Text preview for : ch_04.pdf part of Intel ch 04 Intel Legacy Package_databook_1999 ch_04.pdf

Back to : ch_04.pdf | Home

Performance Characteristics of IC
Packages 4

4.1 IC Package Electrical Characteristics
As microprocessor speeds have increased and power supply voltages have decreased, the function
of the microprocessor package has transitioned from that of a mechanical interconnect which
provides protection for the die from the outside environment to that of an electrical interconnect
that affects microprocessor performance and which must be properly understood in an electrical
context. Inherent in understanding the electrical performance effects of the package is the need for
electrical characterization of the package. The package is a complex electrical environment and the
characterization of this environment is a multi-faceted task that consists of models constructed
from both theoretical calculations and experimental measurements.

In simple terms, a package electrical model translates the physical properties of a package into
electrical characteristics that are usually combined into a circuit representation. The typical
electrical circuit characteristics that are reported are DC resistance (R), inductance (L), capacitance
(C), and characteristic impedance (Z_o) of various structures in the package. A package model
consists of two parts, both of which are necessary for fully understanding the electrical
performance effects of the package environment on Intel's microprocessors.

The first is an I/O lead model that describes the signal path from the die to the board. Depending
upon the complexity of the model required for simulation purposes, the I/O lead model can take the
form of a simple lumped circuit model, a distributed lumped circuit model, a single-conductor
transmission-line model, or a multiple-conductor transmission-line model. While lumped models
can adequately model simple effects, such as DC resistive voltage drop, more sophisticated models
like the multiple-conductor transmission-line model include effects such as time delay and

The second part of a package model is a power-distribution network that describes the power
scheme of the package. Like the I/O lead model, the sophistication of the power-distribution
network can vary from a simple distributed lumped model to a complex circuit network called a
PEEC (partial-element equivalent circuit) network. The simpler models can describe gross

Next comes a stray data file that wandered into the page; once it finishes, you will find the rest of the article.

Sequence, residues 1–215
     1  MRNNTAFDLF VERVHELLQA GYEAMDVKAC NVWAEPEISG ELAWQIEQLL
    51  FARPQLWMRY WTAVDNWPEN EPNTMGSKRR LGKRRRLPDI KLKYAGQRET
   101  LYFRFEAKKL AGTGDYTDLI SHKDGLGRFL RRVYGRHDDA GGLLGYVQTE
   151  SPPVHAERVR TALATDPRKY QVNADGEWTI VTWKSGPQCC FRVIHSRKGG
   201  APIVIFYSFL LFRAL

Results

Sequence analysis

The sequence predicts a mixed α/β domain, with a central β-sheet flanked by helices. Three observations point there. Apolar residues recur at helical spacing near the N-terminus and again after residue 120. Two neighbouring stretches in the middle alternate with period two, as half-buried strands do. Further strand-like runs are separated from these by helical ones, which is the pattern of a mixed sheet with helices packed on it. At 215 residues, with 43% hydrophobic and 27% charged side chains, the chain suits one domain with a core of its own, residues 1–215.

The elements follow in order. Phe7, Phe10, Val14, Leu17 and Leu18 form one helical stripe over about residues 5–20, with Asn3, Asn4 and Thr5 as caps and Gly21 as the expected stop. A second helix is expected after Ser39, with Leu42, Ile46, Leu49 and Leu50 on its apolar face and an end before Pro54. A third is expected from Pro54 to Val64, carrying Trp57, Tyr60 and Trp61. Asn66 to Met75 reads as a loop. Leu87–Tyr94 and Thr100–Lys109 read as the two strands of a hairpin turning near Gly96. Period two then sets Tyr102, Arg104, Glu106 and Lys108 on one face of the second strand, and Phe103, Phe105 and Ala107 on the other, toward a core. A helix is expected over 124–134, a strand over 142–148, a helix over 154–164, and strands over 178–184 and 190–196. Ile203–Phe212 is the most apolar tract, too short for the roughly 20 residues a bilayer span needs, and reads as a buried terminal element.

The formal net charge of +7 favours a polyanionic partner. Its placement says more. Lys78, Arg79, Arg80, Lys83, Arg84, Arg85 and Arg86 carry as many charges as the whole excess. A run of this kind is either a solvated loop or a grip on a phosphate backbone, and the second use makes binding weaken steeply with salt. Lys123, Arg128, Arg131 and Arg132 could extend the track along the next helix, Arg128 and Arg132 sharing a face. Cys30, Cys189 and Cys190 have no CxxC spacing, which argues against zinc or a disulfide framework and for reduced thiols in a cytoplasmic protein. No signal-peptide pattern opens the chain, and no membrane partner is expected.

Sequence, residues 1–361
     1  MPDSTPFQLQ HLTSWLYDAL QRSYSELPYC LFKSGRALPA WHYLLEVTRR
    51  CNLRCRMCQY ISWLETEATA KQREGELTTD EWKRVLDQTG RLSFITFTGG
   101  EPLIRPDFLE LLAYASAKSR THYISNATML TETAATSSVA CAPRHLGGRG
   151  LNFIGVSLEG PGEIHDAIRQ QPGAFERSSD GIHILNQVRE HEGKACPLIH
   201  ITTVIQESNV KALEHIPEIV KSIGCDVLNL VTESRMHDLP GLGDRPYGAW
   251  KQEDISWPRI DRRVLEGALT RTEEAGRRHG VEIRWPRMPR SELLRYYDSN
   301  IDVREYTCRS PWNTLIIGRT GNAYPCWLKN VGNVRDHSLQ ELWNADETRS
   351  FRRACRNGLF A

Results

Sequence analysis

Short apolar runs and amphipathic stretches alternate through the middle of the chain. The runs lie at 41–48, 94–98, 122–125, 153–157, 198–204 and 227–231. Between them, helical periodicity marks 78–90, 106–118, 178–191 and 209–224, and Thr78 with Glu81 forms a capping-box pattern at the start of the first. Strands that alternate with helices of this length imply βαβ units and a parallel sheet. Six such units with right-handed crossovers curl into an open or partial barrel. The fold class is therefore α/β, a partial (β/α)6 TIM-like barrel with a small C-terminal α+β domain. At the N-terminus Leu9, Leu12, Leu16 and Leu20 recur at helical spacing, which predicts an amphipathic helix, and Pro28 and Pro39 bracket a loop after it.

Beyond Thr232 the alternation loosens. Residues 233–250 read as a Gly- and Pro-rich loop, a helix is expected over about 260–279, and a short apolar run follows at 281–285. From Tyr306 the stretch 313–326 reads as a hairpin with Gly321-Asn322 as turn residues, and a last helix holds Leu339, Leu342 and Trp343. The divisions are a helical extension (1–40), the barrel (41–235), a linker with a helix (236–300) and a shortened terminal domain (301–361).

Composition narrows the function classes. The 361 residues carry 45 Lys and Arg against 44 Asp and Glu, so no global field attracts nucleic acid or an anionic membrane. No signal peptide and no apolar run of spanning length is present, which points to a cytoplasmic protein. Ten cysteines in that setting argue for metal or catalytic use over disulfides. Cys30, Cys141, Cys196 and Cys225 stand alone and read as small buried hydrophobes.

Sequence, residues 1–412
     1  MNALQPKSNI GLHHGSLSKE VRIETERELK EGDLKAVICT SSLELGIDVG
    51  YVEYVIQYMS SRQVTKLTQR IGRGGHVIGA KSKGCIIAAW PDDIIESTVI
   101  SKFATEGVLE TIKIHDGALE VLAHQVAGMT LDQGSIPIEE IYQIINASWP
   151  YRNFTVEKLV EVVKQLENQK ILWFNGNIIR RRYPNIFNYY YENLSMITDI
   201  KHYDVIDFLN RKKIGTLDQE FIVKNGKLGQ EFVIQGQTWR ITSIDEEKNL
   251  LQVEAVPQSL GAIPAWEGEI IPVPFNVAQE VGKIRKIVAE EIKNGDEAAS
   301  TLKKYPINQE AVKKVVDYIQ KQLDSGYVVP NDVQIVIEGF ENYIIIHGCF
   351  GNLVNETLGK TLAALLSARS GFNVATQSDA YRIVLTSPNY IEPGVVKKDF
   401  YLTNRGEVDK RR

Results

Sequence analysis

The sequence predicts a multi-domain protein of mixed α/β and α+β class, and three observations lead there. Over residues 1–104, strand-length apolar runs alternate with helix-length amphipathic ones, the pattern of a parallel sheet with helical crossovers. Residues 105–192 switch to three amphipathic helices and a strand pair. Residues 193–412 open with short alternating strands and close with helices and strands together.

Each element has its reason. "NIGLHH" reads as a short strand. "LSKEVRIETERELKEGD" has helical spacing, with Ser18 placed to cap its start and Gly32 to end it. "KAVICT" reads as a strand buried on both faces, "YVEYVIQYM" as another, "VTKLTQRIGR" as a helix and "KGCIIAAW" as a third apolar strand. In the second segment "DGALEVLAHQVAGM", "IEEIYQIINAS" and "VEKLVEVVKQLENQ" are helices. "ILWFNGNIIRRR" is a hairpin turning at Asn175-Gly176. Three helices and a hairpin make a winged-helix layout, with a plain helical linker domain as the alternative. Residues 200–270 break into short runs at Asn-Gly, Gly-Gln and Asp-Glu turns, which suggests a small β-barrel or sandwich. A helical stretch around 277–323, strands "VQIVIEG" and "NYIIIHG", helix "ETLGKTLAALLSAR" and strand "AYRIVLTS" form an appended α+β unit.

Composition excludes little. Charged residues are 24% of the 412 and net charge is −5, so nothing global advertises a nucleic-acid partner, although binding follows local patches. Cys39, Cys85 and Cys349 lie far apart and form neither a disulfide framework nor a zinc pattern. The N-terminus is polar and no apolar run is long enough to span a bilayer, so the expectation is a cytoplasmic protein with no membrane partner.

electrical characteristics of the power-distribution network, such as DC resistive drop for the entire
package, whereas the more complex models enable the analysis of the effects of the power-
distribution topology.

Experimental characterization of the package can include measurements of trace characteristics
and power loop parasitics, to name a few of the package aspects that can be characterized.
Experimental characterization is usually the final, validation stage of the package-design process.
Care must be taken in determining the characteristics that are measured. If a comparison between
measured and modeled data is to be made, then the same assumptions used in obtaining the
theoretical package model must be replicated in the test environment.

The following sections provide an overview of basic package modeling terminology and
methodology, an overview of experimental characterization, and modeled data for the packages
that Intel uses for its most advanced microprocessors. These products are housed in packages
representative of a broad spectrum of package technologies, including CPGA (ceramic pin-grid
array), PPGA (plastic pin-grid array), H-PBGA (high thermal plastic ball grid array), TCP (tape
carrier package), OLGA (organic land-grid array), and FC-PGA (flip-chip pin-grid array). For the

2000 Packaging Databook 4-1
Performance Characteristics of IC Packages

sake of completeness, package parasitics data for older package technologies are included in the
final part of this section. The package types included are multilayer molded (MM-PQFP), ceramic
quad flatpack (CQFP), plastic leaded chip carrier (PLCC), quad flatpack (QFP, SQFP, TQFP), and
small outline packages (TSOP, PSOP). These packaging technologies are no longer used for Intel's
leading-edge microprocessors but are still used for other products.

Since the packages used for Intel's microprocessors are custom designed for each product, the
parameters given in the following sections may not reflect the actual values for a particular
product. The actual parameters can be obtained by contacting a local Intel sales office. For
electrical parameters of packages not listed, please contact your local Intel field sales office.

4.1.1 Terminology DC Resistance (R)
The DC resistance (R) is normally the cause of IR voltage drops in the package. Reduction of DC
resistance is particularly important in the power and ground paths. DC resistance is determined by
the cross-sectional dimensions (width and thickness), material, and length of the lead. The DC
resistance of an I/O lead with cross-sectional area, A, length, L, and resistivity, , can be calculated

Equation 4-1.

R = ------

Ceramic packages have relatively high resistance because of the high resistivity of the tungsten
alloy metallization used with ceramic technology. Plastic/organic packages have much lower
resistance because the metallization used is either copper or a copper alloy. The resistivity of
copper or copper alloys is approximately a factor of 6-12 lower than that of tungsten alloys. Capacitance (C)
Capacitance (C) is determined by the lead length and cross-sectional dimensions, the spacing
between leads, the spacing between the lead and the power or ground plane, the dielectric constant
of the surrounding material, and the number of leads involved. The relative dielectric constant of
the material used for ceramic packages is in the range of 8